ANSWERS: 19
  • I was never taught that but I did hear it float around. I think people like to make shit up to make themselves appear to be smart.
  • Blood is *never* blue. Blood is described as dark red (venous) or bright red (arterial). Our veins look blue because we are looking at them *through* our skin. The blood inside them is dark red and it doesn't reflect light very well.
  • When i was younger I thought black people had blue blood because of the flash gordon movie. But someone told me it was because without oxygen blood is blue
  • i thought only royalty had blue blood when i was a kid, but was never told what you were
  • Yes Sara.....Hemoglobin is the principal determinant of the color of blood in vertebrates. Each molecule has four heme groups, and their interaction with various molecules alters the exact color. In vertebrates and other hemoglobin-using creatures, arterial blood and capillary blood are bright red as oxygen imparts a strong red color to the heme group. Deoxygenated blood is a darker shade of red; this is present in veins, and can be seen during blood donation and when venous blood samples are taken.
  • Human blood is never blue. Oxygenated blood runs in arteries, and it has a bright red color. Deoxygenated blood runs in veins, and it has a darker red color. In general arteries lie deeper in tissues than veins, and we see veins much more commonly than we see arteries. Markedly deoxygenated blood (for instance the blood returning from the lower extremity to the heart in a person who is running) can appear very dark red in color The blood in veins appears blue due to something called the Tyndall effect. When light is refracted by pigmeneted structures within our skin, it often appears blue in color.
  • You can put that up there with all the other ignorant unscientific BS we are told throughout our lives, especially as children.
  • Well, I know that there's that oxygenated blood and unoxygenated blood, and that the difference in the veins is marked as either being red or blue respectively, but I was never told anything about blood being blue....ever.
  • I was taught that too. And I was pissed off when I discovered it wasn't true...like last year!
  • I had forgotten that till I read this question!Now I remember!I took a nursing course so I didnt believe it but I remember hearing people talking about it.
  • Not blue, exactly, but it is more purplish.
  • Earlier in human history there seems to be a confusion between purple and blue. EXAMPLE in early Hebrew Texts (later the some are now part of the OT Bible) there are references to blue and purple which scholars think are backwards or just plain wrong. This is not the only culture that made this 'mistake' it may very well be part of human development or evolution of the eye and that earlier peoples had a deficiency of cones in the eye. Did you know that some women see more colors than the average person? A tetrachromat is a woman who can see four distinct ranges of color, instead of the three that most of us live with. Red, green, Blue and for a Terachromate an orange color. http://www.post-gazette.com/pg/06256/721190-114.stm for more and http://en.wikipedia.org/wiki/Tetrachromacy What is astounding about this 'find' is that it must be relatively new in our species since it is so rare - had it been around for a long while it would have spread through our species by the general act of multiplication. Color blindness is not a rare thing, http://en.wikipedia.org/wiki/Color_blindness In cases of protanopia and deuteranopia purple looks blue. Scroll down and look at the rainbows on that last link thhe bottom row of color is purple. We humans are one of the few species who see in a range of color so vast, most species are partially color blind - no seeing in black and white, but seeing only a limited range of color like the example of deuteranopia. We do not know when humans first achieved a full range of color that humans have on average today. It has been suggested that the full range of color is a 'recent' addition to human abilities, maybe even so recent that it affected earlier writings that dealt with color. Oxygenated blood is red, Deoxygenated blood is dark red to purplish. It is possible to see 'purple' blood bleeding out of a person if a major vein is hit. If a color blind person who can not see purple sees it it would look bluish.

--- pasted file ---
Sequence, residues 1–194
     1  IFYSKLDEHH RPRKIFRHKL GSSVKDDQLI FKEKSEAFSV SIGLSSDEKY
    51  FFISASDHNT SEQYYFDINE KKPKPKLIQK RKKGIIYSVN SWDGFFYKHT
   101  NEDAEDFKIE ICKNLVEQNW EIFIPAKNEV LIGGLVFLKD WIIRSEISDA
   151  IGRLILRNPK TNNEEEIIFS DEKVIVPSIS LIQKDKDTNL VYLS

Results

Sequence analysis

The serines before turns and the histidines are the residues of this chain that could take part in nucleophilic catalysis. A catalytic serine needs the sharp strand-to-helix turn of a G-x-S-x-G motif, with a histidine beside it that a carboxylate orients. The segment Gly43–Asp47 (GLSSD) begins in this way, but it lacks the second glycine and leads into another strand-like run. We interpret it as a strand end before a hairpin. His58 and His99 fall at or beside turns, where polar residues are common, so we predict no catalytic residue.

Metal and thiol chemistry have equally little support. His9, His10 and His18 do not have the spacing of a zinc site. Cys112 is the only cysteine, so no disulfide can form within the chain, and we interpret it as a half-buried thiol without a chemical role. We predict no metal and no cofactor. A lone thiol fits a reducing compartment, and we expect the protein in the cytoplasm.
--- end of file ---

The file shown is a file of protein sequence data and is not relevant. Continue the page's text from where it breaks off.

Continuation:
• I heard that two when i was a kid it was quit a when i learnt the truth at school lol.
  • No Sara ... You being a diva....people just assume that you're blue blooded XP XP j/k !!!
  • that is what happens isnt it? how else does it happen? im being deadly serious.
  • No I was not taught that. It could have happened to you because our vains look blue when seen under the skin, that could have led to confusion. Cheers.
  • I had forgotten that my Gram taught me that.
  • I just found out!!!! Shit...next your gonna tell me people dont catch colds from being in the cold.
  • It has to do with the blood in the Capillaries. Since they are near the skin surface the Capillaries can have a blue hue. Hence, the belief that the blood was blue until exposed to air.

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